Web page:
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Podcast 154 - ROSC Temp & Sedation w/ Leon Eydelman

What aspects of temperature-targeted management are most important to EMS, and how should EMS guide sedation for the patient with a return of spontaneous circulation? Check out this interview w/ Dr. Leon Eydelman! The ROSC class referenced in this video can be found in FOAMfrat Studio!



Trust a high temperature and question a low one.

While most EMS agencies likely do not carry propofol, it is the most commonly used sedation medication in the ED because it washes out quickly and allows for neuro eval. Benzodiazepines are associated with higher rates of ICU delirium and complications. Running levophed to counteract the vasodilation aspect of propofol. Don't have propofol; hemodynamic-dosed ketamine is a good option as well.

The sedation dose should be reduced when the shock index is > 0.9. When a patient is in shock, their volume of distribution changes, and peripheral blood flow is reduced. This means more blood is shunted to the brain,, and lower doses of sedation will give the agent therapeutic brain levels.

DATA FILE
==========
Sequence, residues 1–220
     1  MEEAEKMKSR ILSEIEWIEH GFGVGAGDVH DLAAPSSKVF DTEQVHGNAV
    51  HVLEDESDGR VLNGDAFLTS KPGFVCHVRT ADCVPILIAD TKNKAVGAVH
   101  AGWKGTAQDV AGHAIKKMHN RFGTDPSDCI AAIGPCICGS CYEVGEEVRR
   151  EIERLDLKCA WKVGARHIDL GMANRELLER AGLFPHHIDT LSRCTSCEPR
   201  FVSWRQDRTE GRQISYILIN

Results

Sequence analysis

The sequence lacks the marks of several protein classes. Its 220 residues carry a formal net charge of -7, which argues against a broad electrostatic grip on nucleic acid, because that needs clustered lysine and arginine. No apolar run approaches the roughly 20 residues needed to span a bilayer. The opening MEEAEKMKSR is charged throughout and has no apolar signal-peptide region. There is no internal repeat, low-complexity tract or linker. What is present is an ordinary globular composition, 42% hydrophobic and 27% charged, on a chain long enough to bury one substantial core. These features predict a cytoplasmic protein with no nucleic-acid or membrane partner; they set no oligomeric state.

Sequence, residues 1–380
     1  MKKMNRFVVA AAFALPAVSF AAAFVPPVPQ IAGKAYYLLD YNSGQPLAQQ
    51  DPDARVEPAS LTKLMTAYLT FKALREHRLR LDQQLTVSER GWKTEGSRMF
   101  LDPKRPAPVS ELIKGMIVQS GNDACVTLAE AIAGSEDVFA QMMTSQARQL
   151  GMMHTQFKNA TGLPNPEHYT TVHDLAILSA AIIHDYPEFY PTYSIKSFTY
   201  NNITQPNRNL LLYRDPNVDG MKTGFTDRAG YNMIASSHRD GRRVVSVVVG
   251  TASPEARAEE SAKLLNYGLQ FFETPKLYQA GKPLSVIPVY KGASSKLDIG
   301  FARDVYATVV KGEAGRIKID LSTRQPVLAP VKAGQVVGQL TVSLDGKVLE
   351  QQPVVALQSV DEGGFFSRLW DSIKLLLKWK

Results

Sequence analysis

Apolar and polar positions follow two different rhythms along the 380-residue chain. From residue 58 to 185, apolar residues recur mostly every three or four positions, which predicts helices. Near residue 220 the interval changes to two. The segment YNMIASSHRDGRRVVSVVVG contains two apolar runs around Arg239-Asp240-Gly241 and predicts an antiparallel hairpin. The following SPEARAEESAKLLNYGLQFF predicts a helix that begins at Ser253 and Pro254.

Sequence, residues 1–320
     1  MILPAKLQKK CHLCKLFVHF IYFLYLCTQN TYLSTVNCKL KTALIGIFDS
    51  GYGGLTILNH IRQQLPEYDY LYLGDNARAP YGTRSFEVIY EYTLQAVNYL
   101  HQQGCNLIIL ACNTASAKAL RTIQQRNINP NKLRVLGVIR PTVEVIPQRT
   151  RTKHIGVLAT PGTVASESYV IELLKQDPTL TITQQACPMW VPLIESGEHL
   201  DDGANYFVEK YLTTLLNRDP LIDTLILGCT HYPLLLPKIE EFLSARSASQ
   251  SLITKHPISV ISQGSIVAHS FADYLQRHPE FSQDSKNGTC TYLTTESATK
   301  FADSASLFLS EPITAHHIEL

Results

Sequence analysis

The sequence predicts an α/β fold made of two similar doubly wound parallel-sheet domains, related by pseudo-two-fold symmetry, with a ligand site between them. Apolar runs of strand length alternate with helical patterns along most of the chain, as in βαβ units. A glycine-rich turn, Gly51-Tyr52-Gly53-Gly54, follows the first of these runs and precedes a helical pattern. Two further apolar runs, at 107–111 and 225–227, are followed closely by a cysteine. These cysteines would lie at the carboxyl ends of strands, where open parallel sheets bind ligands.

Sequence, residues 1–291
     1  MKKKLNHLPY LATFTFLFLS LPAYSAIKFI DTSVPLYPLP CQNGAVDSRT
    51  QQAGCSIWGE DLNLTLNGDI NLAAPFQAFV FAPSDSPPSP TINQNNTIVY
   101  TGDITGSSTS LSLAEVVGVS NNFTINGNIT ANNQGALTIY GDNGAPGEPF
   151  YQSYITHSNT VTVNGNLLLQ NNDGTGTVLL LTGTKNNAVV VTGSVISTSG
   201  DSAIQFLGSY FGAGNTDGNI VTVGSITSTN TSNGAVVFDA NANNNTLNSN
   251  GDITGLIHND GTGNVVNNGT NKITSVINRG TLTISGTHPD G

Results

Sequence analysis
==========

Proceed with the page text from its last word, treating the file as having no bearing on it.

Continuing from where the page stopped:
Check out the podcast on Youtube or your favorite podcasting app!


Dell'Anna, A. M., Taccone, F. S., Halenarova, K., & Citerio, G. (2014). Sedation after cardiac arrest and during therapeutic hypothermia. Minerva anestesiologica, 80(8), 954–962.

Pothiawala S. (2017). Post-resuscitation care. Singapore medical journal, 58(7), 404–407.

Saigal, S., Sharma, J. P., Dhurwe, R., Kumar, S., & Gurjar, M. (2015). Targeted temperature management: Current evidence and practices in critical care. Indian journal of critical care medicine : peer-reviewed, official publication of Indian Society of Critical Care Medicine, 19(9), 537–546.

Roberts, B. W., Kilgannon, J. H., Hunter, B. R., Puskarich, M. A., Shea, L., Donnino, M., Jones, C., Fuller, B. M., Kline, J. A., Jones, A. E., Shapiro, N. I., Abella, B. S., & Trzeciak, S. (2019). Association Between Elevated Mean Arterial Blood Pressure and Neurologic Outcome After Resuscitation From Cardiac Arrest: Results From a Multicenter Prospective Cohort Study. Critical care medicine, 47(1), 93–100.


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